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Winter Olympics - It's in Our Bones

For two weeks, every four years, the world comes together. We watch as athletes from nearly 100 countries realize the dream and devotion of a lifetime. As we cheer them on, we are inspired to reach for our own dreams, confident that with laser-focus and single-minded determination we, too, can achieve the incredible. Some will win, none will lose; hopefully, all will go to Disneyland.

Published: 02/06/2018

The Olympics are a wonderful metaphor for world cooperation, the kind of international competition that's wholesome and healthy, an interplay between countries that represents the best in all of us.

- John Towner Williams -

If you asked a random person what Lake Placid is known for you'd most likely get one of two answers. The giant crocodile that patrols our waters or what is considered by most to be the greatest moment in sports history. And while the latter is true (Lake Placid anglers confirm the only large, toothy residents of our waters are a delicious and abundant population of northern pike) the relationship between the northern Adirondack Mountains and the Winter Olympics is far greater. You see, for nearly a century the Adirondack Mountains has grown Olympians.

Olympic from the Start

On the morning of Saturday, January 26, 1924, in Chamonix, France, 27 of the world's finest speed skaters took the ice for the 500m event. It was the first event of the first Olympic Winter Games. Clas Thunberg of Finland was largely favored in the event, but while he would go home with three gold medals, in the 1500m, 5000m, and the now-defunct all-round event, the 500m and a place in history as the first-ever gold medalist in Winter Olympic history would belong to Charles Jewtraw of Lake Placid, NY. His medal can be seen on display at the Museum of American History at the Smithsonian Institute but the ice he trained on remains in Lake Placid, just take a step on to the Mirror Lake loop.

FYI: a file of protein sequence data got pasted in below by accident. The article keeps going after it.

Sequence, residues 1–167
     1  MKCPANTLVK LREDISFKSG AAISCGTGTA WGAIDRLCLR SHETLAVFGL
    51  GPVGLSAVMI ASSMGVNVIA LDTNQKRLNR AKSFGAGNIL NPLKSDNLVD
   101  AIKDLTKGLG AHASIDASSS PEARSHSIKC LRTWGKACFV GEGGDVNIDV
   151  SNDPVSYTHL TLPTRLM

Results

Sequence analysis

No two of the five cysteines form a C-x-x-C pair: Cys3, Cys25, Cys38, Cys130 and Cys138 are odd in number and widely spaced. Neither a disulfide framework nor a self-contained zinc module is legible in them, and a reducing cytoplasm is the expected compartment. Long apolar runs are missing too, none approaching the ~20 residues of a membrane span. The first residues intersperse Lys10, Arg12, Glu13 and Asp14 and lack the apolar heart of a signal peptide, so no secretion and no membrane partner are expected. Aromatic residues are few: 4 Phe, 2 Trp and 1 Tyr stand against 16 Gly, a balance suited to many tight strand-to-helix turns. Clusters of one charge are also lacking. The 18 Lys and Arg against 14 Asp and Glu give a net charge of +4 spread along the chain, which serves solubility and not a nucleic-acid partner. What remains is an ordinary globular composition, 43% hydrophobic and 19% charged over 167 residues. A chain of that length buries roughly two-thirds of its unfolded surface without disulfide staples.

There Must Be Something in the Water

Charles Jewtraw may have been the first athlete from the Northern Adirondacks to have had the honor of representing the United States in the Olympic Winter Games but he wouldn't be the last. Competitors from Lake Placid and the surrounding areas have been on every Winter Olympic team, in fact, some families have sent multiple generations to the winter Olympics, like Jack Shea who won two gold medals in speed skating at the 1932 Winter Olympics in Lake Placid, NY (he didn't have to travel very far to get them home) whose son, Jim Shea, represented the US at the 1964 Winter Games in Innsbruck, Austria, in cross-country skiing events and grandson Jimmy Shea won a gold medal at the 2002 Salt Lake City games in skeleton.

Perhaps it is because the ideal conditions for winter sports remain ideal for so much longer than in most locales.

While most of the world enjoys a 3-month winter season, the Olympic Region often sees its first substantial snowfall in November and often doesn't see spring's first blooms until at least April.

Perhaps it is because snow sports are uniquely accessible to Adirondack residents.

An introduction to a life-long passion for snow sports can be as easy as donning a refurbished pair of cross-country skis and walking out your back door or spending an inexpensive afternoon at a small-town ski hill like Mt. Pisgah in Saranac Lake.

And perhaps it is because the stories and memories of athletes from previous games are woven into the shared fabric of our culture.

Growing up in the Adirondacks is to grow up hearing stories of Olympic competition from someone who has been there and it isn't at all unusual to skate out on to the ice or head into the woods for a day of skiing or snowshoeing and run into someone who has taken home a championship in the sport.

I suspect it is all of the above and more.

PyeongChang 2018

In 2018, six of the Adirondack Mountains brightest athletes had the honor of representing the United States at the Olympic Winter Games in PyeongChang, South Korea. Maddie Phaneuf of Old Forge, Tommy Biesemeyer of Keene, Andrew Weibrecht of Lake Placid, Lowell Bailey of Lake Placid and Tim Burke of Lake Placid. Saranac Lake's Chris Mazdzer, who previously competed in Vancouver and Sochi, made history as the first ever US competitor to medal in Luge after taking home the silver medal.

Lowell and Tim and all of our Olympic athletes were cheered from the stands by lifelong friend, Executive Director of USA Nordic Bill Demong of Vermontville, who became the first USA Olympic Gold Medalist in Nordic Skiing at the 2010 Vancouver Winter Olympic Games. We were also cheering with him from nearly 7,000 miles away here at High Peaks Resort and Lake House.

Lowell Bailey (2006, 2010, 2014, 2018) - Bill Demong (1998, 2002, 2006, 2010*, 2014) - Tim Burke (2006, 2010, 2014, 2018)
Copyright © Helen Demong. Used with Permission. Left to Right: Lowell Bailey (2006, 2010, 2014, 2018) - Bill Demong (1998, 2002, 2006, 2010 - G, 2014) - Tim Burke (2006, 2010, 2014, 2018)

Large breakfast plate with eggs, bacon and toast
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Enjoy the breakfast of your choice at the world-famous Dancing Bears Restaurant for each person each day!

Family on paddle boat on Mirror Lake
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